of the things I remember about my motherís high school years is that
she attended Beaumont High School with "Babe" Didrikson, the outstanding
woman athlete of the twentieth century.
The Babe, who earned her nickname from sandlot baseball companions
who thought she batted like Babe Ruth, was born in Port
Arthur, Texas, on June 26, 1911, to Norwegian immigrants Ole and
Hannah Didriksen. The Babe later changed the spelling of the family
The Didriksenís moved to Beaumont
in 1915, which is how it came about that my mother attended BHS at
the same time. Didrikson excelled in high school sports, and so was
employed by Employers Casualty Company in Dallas primarily to represent
the company in amateur athletics, one of the ways many businesses
advertised then. The Babe made the companyís Golden Cyclones national
1932, the Babe represented the company in the Amateur Athletic Unionís
national track-and-field competition, and won five first place medals
and tied for first place in a sixth. This earned her a place on the
team that represented the United States in Olympic competition in
Los Angles in 1932, where the Babe won gold medals for javelin and
hurdles competition, and the silver in high jump.
Didrikson returned to Texas a hero. She participated in exhibition
tours during the mid-1930s, primarily to support herself and her family,
including a time with a womanís basketball team that competed with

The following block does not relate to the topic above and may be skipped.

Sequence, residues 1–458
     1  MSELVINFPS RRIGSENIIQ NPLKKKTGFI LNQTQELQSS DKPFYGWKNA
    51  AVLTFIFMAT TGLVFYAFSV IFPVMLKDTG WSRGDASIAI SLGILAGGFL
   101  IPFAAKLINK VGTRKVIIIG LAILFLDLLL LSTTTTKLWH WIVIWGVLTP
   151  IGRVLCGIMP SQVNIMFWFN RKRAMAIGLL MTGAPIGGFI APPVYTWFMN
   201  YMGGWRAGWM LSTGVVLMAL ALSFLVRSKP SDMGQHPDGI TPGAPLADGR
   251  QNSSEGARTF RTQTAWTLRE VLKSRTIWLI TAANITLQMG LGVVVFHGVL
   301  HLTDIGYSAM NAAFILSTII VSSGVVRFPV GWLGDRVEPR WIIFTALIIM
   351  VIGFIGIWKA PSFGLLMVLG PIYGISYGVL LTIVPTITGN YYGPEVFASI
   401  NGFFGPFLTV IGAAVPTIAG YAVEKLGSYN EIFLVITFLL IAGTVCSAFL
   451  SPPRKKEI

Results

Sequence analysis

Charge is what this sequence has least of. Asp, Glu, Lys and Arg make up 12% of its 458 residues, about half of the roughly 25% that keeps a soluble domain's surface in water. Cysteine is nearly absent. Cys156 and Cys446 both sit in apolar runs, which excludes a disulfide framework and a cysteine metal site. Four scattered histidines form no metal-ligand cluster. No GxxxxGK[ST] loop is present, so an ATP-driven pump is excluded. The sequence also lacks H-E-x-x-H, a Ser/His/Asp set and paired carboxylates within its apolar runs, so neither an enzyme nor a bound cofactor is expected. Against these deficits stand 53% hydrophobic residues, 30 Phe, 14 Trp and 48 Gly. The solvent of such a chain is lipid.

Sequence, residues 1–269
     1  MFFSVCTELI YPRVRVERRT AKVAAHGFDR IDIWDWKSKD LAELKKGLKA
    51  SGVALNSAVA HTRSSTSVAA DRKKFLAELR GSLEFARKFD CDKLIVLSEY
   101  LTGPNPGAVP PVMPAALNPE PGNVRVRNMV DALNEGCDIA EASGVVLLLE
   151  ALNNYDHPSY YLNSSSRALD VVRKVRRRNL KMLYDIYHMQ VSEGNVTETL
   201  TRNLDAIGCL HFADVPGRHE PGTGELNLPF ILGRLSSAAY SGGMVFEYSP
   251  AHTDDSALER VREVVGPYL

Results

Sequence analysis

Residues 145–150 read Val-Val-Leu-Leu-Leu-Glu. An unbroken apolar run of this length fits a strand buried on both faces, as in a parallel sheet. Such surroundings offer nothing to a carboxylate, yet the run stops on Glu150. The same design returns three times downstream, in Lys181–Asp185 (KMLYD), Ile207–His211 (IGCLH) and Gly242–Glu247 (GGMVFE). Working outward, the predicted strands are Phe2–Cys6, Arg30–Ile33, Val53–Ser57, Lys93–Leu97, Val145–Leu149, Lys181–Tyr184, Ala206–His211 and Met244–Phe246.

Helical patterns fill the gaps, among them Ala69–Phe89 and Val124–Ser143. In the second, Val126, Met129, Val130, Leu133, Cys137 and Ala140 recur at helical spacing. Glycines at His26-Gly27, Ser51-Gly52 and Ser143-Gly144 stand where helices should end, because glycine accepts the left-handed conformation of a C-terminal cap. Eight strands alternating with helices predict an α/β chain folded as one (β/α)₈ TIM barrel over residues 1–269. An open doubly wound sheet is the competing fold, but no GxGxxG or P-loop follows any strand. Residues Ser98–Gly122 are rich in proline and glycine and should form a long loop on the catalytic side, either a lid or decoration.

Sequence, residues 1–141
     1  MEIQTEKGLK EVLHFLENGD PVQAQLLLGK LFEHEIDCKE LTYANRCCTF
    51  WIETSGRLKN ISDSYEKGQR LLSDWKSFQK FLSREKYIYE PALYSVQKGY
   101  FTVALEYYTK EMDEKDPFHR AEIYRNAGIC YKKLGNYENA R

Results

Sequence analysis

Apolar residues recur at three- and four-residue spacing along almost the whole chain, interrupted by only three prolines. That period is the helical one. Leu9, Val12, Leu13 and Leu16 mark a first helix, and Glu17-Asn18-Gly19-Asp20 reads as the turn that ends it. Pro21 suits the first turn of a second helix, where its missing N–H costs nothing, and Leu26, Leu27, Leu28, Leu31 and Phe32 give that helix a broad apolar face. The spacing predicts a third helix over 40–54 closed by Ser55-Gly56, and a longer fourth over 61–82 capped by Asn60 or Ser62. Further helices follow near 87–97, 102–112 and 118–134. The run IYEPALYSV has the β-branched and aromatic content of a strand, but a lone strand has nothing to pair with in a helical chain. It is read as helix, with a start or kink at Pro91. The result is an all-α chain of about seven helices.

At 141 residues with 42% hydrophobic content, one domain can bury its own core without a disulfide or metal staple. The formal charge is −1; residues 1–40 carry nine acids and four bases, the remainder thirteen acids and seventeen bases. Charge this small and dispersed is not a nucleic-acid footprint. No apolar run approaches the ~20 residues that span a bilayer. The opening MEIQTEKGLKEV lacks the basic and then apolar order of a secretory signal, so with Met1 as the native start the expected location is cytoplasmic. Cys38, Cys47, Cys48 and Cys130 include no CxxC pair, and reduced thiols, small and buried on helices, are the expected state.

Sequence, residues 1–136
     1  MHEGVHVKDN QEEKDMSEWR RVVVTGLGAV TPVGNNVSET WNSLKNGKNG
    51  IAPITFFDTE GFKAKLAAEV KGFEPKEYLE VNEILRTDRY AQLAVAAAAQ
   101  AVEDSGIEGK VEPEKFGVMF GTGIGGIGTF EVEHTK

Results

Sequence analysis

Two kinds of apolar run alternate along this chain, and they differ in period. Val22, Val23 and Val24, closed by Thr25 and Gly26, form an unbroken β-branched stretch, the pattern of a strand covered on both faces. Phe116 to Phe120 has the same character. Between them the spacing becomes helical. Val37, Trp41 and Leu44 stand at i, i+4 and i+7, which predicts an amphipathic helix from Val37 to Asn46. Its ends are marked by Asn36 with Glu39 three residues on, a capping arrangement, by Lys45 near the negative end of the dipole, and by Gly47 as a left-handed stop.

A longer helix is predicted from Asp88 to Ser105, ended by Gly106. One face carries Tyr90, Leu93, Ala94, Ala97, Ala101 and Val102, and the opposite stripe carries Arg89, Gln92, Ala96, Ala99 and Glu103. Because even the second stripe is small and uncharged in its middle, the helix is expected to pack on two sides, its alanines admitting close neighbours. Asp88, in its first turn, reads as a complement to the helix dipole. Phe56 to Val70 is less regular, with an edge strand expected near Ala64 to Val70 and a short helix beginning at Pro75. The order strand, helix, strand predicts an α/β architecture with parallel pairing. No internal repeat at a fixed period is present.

men representing the House of David, a religious organization.
Didrikson began to concentrate on golf, and after winning tournament
championships easily over what might be called "country club competition,"
the losers fought back by removing her amateur status. When this was
restored, the Babe won every available tournament for women.
Didrikson helped establish the Ladies Professional Golf Association
in 1948 and was its leader on the links and off for several years.
On the personal side, Didrikson married professional wrestler George
Zaharias in 1938. They had no children. Didrikson developed cancer
in 1953, and returned to tournament play after what first appeared
to be a victory over the disease. Unfortunately, the disease returned
and the Babe passed away in John Sealy Hospital in Galveston
on September 27, 1956. The Babe, whose full name was Mildred Ella
Didrikson Zaharias, was buried in Beaumont,
which also hosts a museum containing memorabilia of Didrikson career
as the outstanding woman athlete of the twentieth century.
September 11, 2005 column
A syndicated column in over 70 East Texas newspapers
This column is provided as a public service by the East Texas Historical
Association. Archie P. McDonald is director of the Association and
author of more than 20 books on Texas.
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